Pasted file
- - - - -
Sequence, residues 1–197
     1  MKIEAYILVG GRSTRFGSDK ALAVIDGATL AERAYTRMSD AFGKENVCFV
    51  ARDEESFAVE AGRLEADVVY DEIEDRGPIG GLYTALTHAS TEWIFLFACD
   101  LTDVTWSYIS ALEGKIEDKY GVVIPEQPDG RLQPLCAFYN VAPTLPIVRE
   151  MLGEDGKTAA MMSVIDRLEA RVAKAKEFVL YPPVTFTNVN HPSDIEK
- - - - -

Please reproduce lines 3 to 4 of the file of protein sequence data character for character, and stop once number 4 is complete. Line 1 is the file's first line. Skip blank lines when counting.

    51  ARDEESFAVE AGRLEADVVY DEIEDRGPIG GLYTALTHAS TEWIFLFACD
   101  LTDVTWSYIS ALEGKIEDKY GVVIPEQPDG RLQPLCAFYN VAPTLPIVRE